There are things that you say out loud. And there are things that are subtly engraved in your subconscious. During my pregnancy, my doctor and my doula warned me that a strict birth plan would only lead to disappointment. Without hesitation, I told them that I knew that I could not control everything and that I was open to take different routes if necessary. I realize now that, unintentionally, I was not as honest as I wanted them to believe.
The way this adventure started threw me a little bit off guard. According to my prenatal classes, water generally doesn't break until women are well into labor. So when it happened while I was sleeping, at 3am, the first thing that came to my mind was that I finally became one of those incontinent pregnant women. I stood up half sleeping, liquid leaking all over my legs, while my dog was going crazy licking all the fluid he could get! To add to the confusion, I had zero contractions.
Once I realized that the baby was indeed coming, I called the maternity ward and my doula. They both recommended us to gather our stuff and make our way to the hospital. As we waited for our friend to arrive with his car, I said goodbye to the early labor phase I was planning to do in the comfort of my own home. We arrived at the hospital at about 4am. I only had a few very weak contractions.
As we settled in our room, my contractions intensified drastically. In less than an hour, I had 60 seconds contractions approximately 3 minutes apart and was 2 centimeters dilated. For 6 hours, determined to have a natural childbirth, I went through a whirlwind of comfort techniques: warm baths, breathing exercises, vocalizations, visualizations, etc. When everything failed, I only found a bit of comfort on the birth ball while Dan was doing pressure points on my back.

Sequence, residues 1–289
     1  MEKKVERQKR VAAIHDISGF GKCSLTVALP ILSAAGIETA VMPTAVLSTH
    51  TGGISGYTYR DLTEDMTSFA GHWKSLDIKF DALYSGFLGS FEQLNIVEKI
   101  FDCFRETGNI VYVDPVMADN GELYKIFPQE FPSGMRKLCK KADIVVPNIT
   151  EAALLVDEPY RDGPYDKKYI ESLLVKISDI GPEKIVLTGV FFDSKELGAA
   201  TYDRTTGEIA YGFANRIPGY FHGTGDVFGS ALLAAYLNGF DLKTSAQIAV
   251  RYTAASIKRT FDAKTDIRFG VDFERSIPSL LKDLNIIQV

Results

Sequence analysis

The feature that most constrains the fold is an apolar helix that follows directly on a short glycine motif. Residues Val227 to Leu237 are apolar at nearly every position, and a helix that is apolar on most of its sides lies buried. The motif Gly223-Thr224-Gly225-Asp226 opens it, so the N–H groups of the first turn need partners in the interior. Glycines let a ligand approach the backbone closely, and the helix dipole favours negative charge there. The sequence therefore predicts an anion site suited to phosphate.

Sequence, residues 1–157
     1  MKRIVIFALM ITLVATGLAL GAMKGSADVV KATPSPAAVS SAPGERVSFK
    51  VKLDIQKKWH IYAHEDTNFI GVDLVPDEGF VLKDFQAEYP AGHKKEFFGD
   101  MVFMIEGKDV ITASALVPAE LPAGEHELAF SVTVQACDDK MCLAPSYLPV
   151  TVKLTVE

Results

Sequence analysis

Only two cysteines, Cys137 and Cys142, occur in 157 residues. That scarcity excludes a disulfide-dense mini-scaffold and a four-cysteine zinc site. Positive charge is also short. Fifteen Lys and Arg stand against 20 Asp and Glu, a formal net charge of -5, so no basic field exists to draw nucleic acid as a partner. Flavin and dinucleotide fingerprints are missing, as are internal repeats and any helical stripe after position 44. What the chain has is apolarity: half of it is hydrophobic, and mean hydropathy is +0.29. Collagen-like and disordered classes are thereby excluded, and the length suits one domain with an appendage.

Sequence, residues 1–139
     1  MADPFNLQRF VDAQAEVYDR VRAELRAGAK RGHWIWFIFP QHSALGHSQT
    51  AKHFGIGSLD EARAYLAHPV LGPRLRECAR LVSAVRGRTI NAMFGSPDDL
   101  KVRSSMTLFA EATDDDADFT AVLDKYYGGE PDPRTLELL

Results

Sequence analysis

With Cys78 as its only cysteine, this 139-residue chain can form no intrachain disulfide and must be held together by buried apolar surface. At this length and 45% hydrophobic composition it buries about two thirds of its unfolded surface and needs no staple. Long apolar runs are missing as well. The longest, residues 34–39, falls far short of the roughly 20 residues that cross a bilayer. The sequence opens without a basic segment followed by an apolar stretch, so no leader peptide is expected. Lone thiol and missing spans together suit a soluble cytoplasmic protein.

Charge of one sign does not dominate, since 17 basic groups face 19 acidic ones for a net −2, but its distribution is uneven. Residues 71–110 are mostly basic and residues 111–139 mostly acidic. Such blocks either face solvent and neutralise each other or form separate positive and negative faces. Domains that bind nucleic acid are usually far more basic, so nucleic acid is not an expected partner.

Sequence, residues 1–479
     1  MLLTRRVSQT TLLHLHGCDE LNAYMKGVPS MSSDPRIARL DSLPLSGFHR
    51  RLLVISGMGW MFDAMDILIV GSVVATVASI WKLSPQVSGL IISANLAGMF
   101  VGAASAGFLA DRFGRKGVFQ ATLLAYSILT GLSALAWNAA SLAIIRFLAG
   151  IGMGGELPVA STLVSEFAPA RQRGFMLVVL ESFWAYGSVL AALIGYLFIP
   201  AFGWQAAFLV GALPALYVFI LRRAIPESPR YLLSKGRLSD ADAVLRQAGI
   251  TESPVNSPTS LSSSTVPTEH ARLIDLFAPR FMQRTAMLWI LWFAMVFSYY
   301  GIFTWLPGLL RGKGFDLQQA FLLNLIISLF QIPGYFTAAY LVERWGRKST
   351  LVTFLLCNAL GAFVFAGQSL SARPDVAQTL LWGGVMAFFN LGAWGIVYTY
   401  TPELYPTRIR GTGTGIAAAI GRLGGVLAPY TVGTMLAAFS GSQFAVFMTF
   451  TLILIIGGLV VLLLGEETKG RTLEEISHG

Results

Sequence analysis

At 11am, a nurse gave me an exam. After all that pain, I was more than ready for some positive feedback. However, she told me that I was still at 2 centimeters. When she left, I went through some sort of a nervous breakdown. I was soaked wet on the birth ball, shaking, weak from vomiting, and while I was having one strong contraction, I felt like I was going to pass out.
At that point, it was clear that my body could not take it anymore but I still had to deal with some conflicting emotions. I felt like a total failure. I was going to be one of those women who are bitter about their childbirth experience. I could not look at Dan in the eyes and I didn't want to talk to my doula. I could not accept the pain anymore, I was fighting it pointlessly. I asked for an epidural at 11:30am and fell asleep as soon as the pain stopped.
When I woke up at 1pm, I had a discussion with my doula. Slowly, she convinced me that I took the right decision. Each woman and each labor is unique. I was well informed, tried many things and finally opted for an epidural. It was now time to embrace my decision and move on. I was 5 centimeters dilated.
At 3pm, I had another exam. Even with regular contractions, nothing had changed. The nurse suggested mini-drops of oxytocin but didn't put any pressure on me. She was well aware that I was still mourning my natural childbirth. I asked for an extra 30 minutes. When she came back half an hour later, she looked at me with a big smile. Il est temps de pousser! (It is time to push!). I was at 10 centimeters. That nurse is now convinced that she has special dilatation power!
To my great surprise, even with the epidural, I was still able to move my legs normally, lift my hips and feel the contractions as they arrived. My obstetrician suggested that I try a birthing stool. As I looked around me, I realized that I was not simply a woman getting ready to push out a baby by herself. I was part of a “team” and we each had specific tasks. Dan was supporting me emotionally, my doula was providing psychological guidance and the medical team was coaching me on physical aspects. Suddenly, I felt an urge to push.
Pushing the baby was the most surreal experience I have ever lived. The guilt from the epidural was gone, I felt strong, powerful and in control of what I was doing. I was so focused that at one point people got worried. Dan told me that I looked like if I was in a trance. I kept my eyes shut during the entire time and instinctively use ujjayi breathing between each contraction. I was slowly moving my head from side to side and was peacefully smiling. When it was time to push, I would arch my back, slightly lift my hips and bring all my attention to the feeling in my pelvic area. I pushed on the birthing stool during more than 1 hour. My “team” cheering up for me the entire time.
Alice was born at 5:20pm. Her eyes were wide open.
Giving birth to Alice was the most extraordinary moment of my life. Her birth didn't go according to plan but I would not change any aspects of it. I didn't become one of those women who are bitter about their childbirth experience. On the contrary, I came out of that adventure stronger and with a new level of self-respect that, hopefully, will guide me through motherhood.